120-kDa cell-binding FN fragments (FN120) decreases VLA-5 (monocyte fibronectin (FN) receptor) expression by inducing a serine proteinase-dependent proteolysis of this beta(1) integrin. Changes in VLA-5 expression, which were induced by interactions with cell-binding FN fragments, may alter monocyte migration into tissue FN, a prominent component of the cardiac extracellular matrix7.
The 180-kDa. fibronectin fragment both directly opsonizes particulate activators and interacts with monocyte fibronectin receptors to promote particle adherence, thereby enhancing phagocytosis through a concerted action with the distinct receptors for particulate activators8.
A 40 kDa carboxyl (COOH)-terminal heparin-binding fibronectin fragment containing both the III12-14 and IIICS domains (HBFN-f) can stimulate production of matrix metalloproteinases (MMPs) in normal articular cartilage explant cultures. COOH-terminal heparin-binding domain in HBFN-f is known to bind CD44, a principal hyaluronan receptor. The MMP induction by HBFN-f involves CD44 and a specific heparin-binding amino acid sequence (WQPPRARI) in HBFN-f in human normal articular cartilage. CD44 is up-regulated in articular cartilage from patients with OA [Osteoarthritis] and RA [Rheumatoid arthritis]. Increased fibronectin fragments are thought to be involved in cartilage destruction in OA and RA through their catabolic effects9.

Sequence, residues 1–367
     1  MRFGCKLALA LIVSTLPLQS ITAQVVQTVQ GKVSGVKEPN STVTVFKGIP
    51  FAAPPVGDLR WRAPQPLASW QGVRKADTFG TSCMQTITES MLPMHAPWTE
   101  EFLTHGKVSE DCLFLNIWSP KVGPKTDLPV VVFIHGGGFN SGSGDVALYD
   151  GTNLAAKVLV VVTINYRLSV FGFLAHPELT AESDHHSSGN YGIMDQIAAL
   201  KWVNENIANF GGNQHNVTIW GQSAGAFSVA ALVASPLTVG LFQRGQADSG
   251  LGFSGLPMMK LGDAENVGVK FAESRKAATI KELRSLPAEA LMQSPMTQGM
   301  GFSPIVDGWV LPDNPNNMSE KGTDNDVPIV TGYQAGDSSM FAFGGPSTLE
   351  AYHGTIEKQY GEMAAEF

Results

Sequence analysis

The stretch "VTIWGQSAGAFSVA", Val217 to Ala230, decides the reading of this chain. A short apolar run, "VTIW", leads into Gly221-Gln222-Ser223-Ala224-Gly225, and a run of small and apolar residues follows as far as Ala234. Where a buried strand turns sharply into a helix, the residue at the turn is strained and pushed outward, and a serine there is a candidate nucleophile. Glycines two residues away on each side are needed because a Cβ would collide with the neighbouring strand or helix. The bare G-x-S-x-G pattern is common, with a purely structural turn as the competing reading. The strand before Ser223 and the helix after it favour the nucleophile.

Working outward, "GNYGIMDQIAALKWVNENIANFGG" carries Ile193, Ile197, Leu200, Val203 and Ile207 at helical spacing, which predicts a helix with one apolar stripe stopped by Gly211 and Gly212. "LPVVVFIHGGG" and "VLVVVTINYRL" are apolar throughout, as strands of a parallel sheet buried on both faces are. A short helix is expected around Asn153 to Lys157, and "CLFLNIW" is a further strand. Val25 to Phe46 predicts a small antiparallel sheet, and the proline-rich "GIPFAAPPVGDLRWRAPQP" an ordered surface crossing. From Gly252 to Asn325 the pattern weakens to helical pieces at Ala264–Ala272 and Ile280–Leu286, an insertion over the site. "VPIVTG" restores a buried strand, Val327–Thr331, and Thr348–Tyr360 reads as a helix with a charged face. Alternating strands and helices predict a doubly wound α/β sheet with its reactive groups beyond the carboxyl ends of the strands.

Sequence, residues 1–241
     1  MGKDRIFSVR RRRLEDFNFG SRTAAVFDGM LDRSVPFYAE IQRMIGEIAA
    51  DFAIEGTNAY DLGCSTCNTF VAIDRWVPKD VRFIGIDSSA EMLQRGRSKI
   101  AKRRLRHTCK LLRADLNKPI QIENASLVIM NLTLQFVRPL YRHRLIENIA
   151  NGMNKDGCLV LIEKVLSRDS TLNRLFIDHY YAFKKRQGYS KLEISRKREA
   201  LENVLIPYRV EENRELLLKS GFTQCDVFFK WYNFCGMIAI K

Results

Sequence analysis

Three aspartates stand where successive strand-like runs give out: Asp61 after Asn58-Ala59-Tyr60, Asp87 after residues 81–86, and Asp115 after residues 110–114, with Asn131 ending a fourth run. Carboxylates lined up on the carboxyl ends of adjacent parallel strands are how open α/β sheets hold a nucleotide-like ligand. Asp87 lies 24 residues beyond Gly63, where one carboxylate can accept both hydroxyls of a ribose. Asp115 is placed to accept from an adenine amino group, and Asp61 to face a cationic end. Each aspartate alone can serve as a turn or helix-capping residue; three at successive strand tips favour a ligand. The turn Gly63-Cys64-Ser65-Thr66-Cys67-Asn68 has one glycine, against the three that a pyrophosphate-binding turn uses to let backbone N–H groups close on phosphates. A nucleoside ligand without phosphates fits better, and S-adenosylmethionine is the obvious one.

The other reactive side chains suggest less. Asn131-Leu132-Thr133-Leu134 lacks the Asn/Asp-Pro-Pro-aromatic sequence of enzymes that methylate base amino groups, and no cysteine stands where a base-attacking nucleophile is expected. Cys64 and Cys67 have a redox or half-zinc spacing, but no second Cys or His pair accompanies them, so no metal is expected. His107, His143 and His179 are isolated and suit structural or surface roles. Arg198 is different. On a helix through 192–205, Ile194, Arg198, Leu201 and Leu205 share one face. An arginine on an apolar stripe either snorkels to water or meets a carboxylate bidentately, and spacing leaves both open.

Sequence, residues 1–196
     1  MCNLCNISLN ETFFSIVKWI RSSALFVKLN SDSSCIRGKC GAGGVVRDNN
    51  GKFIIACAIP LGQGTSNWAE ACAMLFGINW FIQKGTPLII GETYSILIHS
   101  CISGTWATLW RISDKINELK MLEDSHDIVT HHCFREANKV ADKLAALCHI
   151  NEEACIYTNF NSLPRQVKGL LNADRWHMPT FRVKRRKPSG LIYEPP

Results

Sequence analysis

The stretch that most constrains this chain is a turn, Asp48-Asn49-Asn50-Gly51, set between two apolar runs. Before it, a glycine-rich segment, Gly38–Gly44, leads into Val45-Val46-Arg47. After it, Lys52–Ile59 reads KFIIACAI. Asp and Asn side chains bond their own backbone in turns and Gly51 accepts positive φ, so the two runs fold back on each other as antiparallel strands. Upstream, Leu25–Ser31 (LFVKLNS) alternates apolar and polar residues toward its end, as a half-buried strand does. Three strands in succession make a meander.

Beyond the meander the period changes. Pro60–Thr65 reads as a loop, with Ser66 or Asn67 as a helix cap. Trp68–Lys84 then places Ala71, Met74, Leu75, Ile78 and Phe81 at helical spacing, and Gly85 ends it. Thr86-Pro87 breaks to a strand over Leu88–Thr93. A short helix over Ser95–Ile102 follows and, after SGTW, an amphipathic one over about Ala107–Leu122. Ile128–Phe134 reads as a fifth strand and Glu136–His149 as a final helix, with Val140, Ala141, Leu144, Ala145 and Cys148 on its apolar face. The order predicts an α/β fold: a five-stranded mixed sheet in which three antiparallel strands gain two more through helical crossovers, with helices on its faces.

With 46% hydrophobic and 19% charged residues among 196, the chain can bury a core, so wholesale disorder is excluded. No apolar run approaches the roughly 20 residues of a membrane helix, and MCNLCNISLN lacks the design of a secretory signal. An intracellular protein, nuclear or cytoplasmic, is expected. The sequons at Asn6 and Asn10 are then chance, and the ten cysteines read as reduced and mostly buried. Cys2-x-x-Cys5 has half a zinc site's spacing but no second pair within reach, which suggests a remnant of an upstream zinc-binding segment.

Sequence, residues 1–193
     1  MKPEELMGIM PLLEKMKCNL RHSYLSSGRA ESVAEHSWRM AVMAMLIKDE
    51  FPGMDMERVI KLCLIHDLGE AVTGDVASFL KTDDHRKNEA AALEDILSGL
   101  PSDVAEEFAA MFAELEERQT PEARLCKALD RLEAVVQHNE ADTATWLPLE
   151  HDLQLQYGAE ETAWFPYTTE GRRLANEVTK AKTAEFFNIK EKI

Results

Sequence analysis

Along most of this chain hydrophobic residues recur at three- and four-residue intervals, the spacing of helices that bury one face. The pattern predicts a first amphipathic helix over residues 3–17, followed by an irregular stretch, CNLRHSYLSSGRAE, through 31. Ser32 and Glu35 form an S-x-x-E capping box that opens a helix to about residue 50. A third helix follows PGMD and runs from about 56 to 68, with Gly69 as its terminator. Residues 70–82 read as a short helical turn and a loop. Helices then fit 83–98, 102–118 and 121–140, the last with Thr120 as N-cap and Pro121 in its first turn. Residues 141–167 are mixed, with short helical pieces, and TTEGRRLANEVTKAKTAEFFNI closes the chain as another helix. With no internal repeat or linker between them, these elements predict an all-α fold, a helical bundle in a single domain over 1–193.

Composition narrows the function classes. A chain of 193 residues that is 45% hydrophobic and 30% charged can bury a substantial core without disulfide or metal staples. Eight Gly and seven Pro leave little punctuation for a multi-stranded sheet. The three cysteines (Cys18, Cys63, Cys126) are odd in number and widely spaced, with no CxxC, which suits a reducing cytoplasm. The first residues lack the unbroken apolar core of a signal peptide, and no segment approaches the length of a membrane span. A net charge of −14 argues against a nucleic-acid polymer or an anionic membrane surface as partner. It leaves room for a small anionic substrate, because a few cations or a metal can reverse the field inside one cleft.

Fibronectin fragments regulate the ability of monocytes to migrate through injured tissue. Evidence that FNf also induce monocyte-derived macrophages to produce agents that protect parenchymal cells against apoptosis expands its homeostatic role and indicates that, even at the outset, host responses to tissue injury may produce agents that help to limit that injury1. Fragments that bind to collagen have been isolated and have been shown to be different from those that mediate cell attachment. Heparin-binding fragments that possess neither the collagen-binding nor cell attachment functions have also been described. The binding sites for Staphylococci and fibrinogen have been located in yet another fragment at the NH2-terminal end of the molecule. The actin-binding site is located close to the collagen-binding site. The remaining active sites are known to be located in the COOH-terminal two-thirds of the polypeptide. The 200K fraction and the 170K, 100K, and 80K fragments have the same NH2-terminal sequences. They also all contain the binding site for collagen known to be located near the NH2 terminus of the fibronectin polypeptide. These results indicate that the NH2 termini of these fragments originate from the same peptide bond in the fibronectin polypeptide and extend different lengths toward the COOH-terminal end. The l00K and 80K fragments only bind to gelatin, the 170K fragment mediates cell attachment, but does not bind to heparin, while all three activities were present in the 200K fraction. The increasing number of activities in the larger fractions is not based on the large size alone, but seems to depend on the presence of distinct binding sites. The Mr = 30,000 to 50,000 heparin-binding fragments that have recently been isolated may have originated from the portion that contains the heparin-binding area in the 205K and 190K fragments. Moreover, the cell attachment-promoting activity can be separated from the gelatin-binding and heparin-binding activities, supporting the idea that a distinct binding site occupying a defined stretch of the polypeptide is also involved in this activity10.